The U.S. military will likely miss its recruiting goal for new troops by nearly 40,000 over the next 2 years

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“We have unprecedented challenges with both a post-Covid-19 environment and labor market, but also private competition with private companies that have changed their incentives over time,” General Joseph Martin said. , Vice Chief of Staff of the Army. House Armed Services Readiness Subcommittee on Tuesday.

The Army predicts it will likely fall short of its FY 2022 recruiting goal of 10,000 soldiers and could miss the FY 2023 recruiting goal of 28,000 soldiers, according to Army estimates. .

Low unemployment has hampered the ability to recruit for a time, but the situation is worsening, with fewer and fewer Americans showing an interest in serving. There is also a decline in the number of physically skilled people. “That’s why we went from 29 percent to 23 percent of the population available to serve,” Martin said.

To entice more people to join, financial incentives are offered. The Army has also explored the idea of ​​no longer requiring recruits to have a high school diploma, but has not finalized a plan.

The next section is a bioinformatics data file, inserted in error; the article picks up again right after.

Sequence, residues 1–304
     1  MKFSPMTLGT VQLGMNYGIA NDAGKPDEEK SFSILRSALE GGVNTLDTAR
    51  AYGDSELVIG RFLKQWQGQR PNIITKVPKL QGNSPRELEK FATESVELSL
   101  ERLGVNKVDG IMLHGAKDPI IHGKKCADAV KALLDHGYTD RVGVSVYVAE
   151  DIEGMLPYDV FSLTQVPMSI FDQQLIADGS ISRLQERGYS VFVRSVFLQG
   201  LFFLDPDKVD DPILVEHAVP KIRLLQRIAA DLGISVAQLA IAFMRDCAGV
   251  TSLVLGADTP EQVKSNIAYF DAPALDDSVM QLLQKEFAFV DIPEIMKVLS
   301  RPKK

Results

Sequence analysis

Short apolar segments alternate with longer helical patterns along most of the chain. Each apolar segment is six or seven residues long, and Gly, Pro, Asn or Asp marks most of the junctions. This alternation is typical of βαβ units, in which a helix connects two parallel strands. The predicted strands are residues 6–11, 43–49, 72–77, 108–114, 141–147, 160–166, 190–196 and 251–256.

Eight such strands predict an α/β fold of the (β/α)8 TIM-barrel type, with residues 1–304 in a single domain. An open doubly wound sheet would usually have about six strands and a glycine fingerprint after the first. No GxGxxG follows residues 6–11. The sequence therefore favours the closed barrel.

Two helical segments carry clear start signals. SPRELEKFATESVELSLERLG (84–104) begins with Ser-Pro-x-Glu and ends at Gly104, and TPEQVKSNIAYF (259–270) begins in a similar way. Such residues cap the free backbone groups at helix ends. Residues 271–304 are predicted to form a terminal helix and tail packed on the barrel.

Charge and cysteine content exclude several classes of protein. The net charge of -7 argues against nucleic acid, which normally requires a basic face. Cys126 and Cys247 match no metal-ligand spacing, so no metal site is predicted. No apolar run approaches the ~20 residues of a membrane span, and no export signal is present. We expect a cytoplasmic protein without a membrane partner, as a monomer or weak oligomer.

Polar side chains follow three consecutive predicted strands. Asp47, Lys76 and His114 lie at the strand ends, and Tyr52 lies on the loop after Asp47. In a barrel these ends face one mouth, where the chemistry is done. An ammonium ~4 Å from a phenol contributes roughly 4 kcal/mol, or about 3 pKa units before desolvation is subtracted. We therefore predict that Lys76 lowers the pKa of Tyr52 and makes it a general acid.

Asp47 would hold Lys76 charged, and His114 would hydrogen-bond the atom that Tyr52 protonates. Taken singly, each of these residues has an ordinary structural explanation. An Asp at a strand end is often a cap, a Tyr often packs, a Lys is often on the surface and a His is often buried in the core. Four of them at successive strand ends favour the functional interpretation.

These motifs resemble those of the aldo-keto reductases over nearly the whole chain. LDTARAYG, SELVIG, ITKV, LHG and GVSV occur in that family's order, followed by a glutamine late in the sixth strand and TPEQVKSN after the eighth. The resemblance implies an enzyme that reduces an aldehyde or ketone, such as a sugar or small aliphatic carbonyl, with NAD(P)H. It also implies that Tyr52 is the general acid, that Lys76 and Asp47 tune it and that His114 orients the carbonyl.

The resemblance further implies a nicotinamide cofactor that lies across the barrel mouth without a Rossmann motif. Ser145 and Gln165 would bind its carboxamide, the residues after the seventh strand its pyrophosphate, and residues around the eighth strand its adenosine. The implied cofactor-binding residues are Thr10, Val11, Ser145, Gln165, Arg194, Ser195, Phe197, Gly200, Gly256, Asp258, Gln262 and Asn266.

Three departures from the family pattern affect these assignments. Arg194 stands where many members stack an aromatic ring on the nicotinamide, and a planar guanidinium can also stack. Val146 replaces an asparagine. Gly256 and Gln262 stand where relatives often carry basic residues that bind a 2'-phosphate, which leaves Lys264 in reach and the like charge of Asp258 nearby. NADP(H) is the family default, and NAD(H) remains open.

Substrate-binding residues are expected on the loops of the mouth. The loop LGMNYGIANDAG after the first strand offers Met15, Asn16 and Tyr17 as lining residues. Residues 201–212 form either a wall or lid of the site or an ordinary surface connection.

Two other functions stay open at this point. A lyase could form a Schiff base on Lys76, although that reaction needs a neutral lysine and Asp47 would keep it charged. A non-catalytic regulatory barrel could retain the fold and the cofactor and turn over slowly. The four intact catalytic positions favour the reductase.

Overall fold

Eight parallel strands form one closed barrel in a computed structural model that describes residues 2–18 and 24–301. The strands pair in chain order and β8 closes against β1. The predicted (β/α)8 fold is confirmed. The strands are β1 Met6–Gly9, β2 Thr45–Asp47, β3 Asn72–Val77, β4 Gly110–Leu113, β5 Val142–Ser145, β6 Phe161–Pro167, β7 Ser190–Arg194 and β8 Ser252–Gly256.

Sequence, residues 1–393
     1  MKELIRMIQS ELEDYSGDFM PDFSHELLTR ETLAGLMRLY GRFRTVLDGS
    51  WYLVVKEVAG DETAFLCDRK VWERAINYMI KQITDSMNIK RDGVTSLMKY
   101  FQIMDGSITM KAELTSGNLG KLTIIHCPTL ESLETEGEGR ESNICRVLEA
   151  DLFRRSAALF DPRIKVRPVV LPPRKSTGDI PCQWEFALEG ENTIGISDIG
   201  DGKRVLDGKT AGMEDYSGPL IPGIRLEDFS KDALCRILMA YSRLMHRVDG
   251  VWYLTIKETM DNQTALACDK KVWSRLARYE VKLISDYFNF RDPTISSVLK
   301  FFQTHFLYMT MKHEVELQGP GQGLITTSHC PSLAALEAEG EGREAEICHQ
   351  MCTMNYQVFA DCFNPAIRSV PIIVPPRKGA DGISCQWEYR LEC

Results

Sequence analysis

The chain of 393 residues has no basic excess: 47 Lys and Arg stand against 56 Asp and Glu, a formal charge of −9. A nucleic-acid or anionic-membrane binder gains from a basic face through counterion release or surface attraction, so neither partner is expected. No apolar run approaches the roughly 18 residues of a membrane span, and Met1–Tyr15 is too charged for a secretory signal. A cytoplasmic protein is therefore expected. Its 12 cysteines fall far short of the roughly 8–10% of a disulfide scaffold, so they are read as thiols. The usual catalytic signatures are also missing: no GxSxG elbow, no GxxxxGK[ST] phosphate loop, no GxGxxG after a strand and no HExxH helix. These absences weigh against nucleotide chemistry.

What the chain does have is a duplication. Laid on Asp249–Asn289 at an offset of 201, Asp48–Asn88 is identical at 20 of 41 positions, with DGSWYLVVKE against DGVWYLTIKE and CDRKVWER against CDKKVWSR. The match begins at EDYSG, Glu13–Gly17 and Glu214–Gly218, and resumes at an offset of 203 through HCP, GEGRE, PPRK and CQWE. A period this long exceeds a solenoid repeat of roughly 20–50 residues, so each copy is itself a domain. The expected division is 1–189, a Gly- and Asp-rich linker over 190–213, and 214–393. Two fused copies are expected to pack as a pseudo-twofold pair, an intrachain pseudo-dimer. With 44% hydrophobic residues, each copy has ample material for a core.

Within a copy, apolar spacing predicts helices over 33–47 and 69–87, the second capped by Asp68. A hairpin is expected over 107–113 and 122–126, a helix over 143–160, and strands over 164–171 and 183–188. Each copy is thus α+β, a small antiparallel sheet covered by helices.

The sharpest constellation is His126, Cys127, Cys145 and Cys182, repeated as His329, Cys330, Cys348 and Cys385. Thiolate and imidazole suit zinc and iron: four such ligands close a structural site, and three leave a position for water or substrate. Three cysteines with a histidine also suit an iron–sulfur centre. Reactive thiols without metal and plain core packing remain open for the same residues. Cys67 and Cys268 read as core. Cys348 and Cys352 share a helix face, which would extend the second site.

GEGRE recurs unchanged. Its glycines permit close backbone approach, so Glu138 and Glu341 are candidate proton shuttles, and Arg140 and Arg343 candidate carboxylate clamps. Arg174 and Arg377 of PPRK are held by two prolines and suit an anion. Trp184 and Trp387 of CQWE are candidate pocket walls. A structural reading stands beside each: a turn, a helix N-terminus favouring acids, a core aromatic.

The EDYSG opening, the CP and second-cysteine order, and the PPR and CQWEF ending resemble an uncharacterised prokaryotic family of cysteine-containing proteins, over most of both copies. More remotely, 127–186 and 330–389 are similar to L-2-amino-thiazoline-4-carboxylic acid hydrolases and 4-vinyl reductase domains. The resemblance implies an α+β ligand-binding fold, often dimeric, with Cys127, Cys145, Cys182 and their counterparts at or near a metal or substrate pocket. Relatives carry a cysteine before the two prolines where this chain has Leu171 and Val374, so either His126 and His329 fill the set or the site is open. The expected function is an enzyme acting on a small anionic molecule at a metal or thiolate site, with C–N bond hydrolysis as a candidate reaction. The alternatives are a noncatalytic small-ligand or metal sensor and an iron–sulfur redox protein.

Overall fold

The statistics paint a grim picture. The Army is authorized to have up to 485,000 troops for FY22, but has already reduced that target to 476,000. At best, Martin said, the Army believes it will “land at 466 for this year for a final headcount”, leading to a potential shortfall of 10,000.

So far, the army has recruited 30,000 troops in FY22, half the target of 60,000 if the army were to reach the size of 476,000 troops. But an official told CNN the military no longer believes that is possible given the challenges it faces and that a shortage of 10,000 recruits is a likely scenario.

For FY23, the army size could shrink further to between 445,000 and 452,000, Martin said. The army will try to maintain a size of 455,000, but this will also be significantly lower than the original plan.

The good news for the military is that people who join seem to want to stay.

The retention target for FY22 was 55,900. As of July 7, the army has already exceeded its target by re-enlisting 57,738 soldiers, according to Army spokeswoman Col. Catherine Wilkinson.

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